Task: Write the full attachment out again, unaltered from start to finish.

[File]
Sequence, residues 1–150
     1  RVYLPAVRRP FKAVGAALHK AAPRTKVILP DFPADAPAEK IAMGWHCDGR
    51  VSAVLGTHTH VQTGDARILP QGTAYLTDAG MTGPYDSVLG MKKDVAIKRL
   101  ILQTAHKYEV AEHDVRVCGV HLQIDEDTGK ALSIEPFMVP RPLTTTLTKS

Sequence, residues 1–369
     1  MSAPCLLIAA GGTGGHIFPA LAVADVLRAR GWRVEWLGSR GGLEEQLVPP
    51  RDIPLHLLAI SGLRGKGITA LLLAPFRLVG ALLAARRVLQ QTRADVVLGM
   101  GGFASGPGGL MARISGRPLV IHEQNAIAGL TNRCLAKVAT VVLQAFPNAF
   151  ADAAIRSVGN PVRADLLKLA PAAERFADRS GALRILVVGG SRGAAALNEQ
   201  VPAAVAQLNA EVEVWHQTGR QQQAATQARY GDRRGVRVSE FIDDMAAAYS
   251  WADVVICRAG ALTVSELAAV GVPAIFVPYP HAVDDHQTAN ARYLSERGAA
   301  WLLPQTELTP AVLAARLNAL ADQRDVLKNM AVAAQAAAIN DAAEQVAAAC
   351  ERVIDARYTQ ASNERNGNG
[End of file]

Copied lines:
Sequence, residues 1–150
     1  RVYLPAVRRP FKAVGAALHK AAPRTKVILP DFPADAPAEK IAMGWHCDGR
    51  VSAVLGTHTH VQTGDARILP QGTAYLTDAG MTGPYDSVLG MKKDVAIKRL
   101  ILQTAHKYEV AEHDVRVCGV HLQIDEDTGK ALSIEPFMVP RPLTTTLTKS

Sequence, residues 1–369
     1  MSAPCLLIAA GGTGGHIFPA LAVADVLRAR GWRVEWLGSR GGLEEQLVPP
    51  RDIPLHLLAI SGLRGKGITA LLLAPFRLVG ALLAARRVLQ QTRADVVLGM
   101  GGFASGPGGL MARISGRPLV IHEQNAIAGL TNRCLAKVAT VVLQAFPNAF
   151  ADAAIRSVGN PVRADLLKLA PAAERFADRS GALRILVVGG SRGAAALNEQ
   201  VPAAVAQLNA EVEVWHQTGR QQQAATQARY GDRRGVRVSE FIDDMAAAYS
   251  WADVVICRAG ALTVSELAAV GVPAIFVPYP HAVDDHQTAN ARYLSERGAA
   301  WLLPQTELTP AVLAARLNAL ADQRDVLKNM AVAAQAAAIN DAAEQVAAAC
   351  ERVIDARYTQ ASNERNGNG